I didn’t get a WordsDay up on Thursday, so I’m doing it today. Sue me.
I first picked up The Sailor Who Fell from Grace with the Sea because of the title, which was waaaaaaay too interesting to pass up. It was 1995, and the first Vintage International edition of Yukio Mishima’s book had just been issued in the U.S. only the year before. It was my first foray into 20th century Japanese literature, and it promised to be intriguing.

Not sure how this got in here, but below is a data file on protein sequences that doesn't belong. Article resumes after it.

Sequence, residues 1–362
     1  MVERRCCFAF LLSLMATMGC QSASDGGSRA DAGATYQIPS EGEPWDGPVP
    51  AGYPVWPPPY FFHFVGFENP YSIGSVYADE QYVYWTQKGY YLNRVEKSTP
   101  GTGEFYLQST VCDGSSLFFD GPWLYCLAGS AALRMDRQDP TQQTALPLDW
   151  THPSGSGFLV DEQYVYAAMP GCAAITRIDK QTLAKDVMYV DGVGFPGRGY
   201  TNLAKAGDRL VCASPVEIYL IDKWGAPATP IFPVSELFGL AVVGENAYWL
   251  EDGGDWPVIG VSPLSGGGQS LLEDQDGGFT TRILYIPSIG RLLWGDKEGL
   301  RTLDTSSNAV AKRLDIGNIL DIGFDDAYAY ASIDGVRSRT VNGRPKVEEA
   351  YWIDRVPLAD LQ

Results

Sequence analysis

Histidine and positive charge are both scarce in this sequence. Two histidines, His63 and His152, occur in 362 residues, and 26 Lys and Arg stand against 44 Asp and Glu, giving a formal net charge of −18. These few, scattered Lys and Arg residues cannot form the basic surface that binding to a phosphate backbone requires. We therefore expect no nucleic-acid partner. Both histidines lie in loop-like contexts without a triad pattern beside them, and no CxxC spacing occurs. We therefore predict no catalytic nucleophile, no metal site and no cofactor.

The back cover provided a hint at something wildly sinister: “a band of savage thirteen-year-old boys who reject the adult world as illusory, hypocritical, and sentimental, and train themselves in a brutal callousness the call ‘objectivity.’ When the mother of one of them begins an affair with a ship’s officer, he and his friends idealize the man at first; but it is not long before they conclude that he is in fact soft and romantic. They regard their disappointment in him as an act of betrayal on his part, and react violently.” Continue reading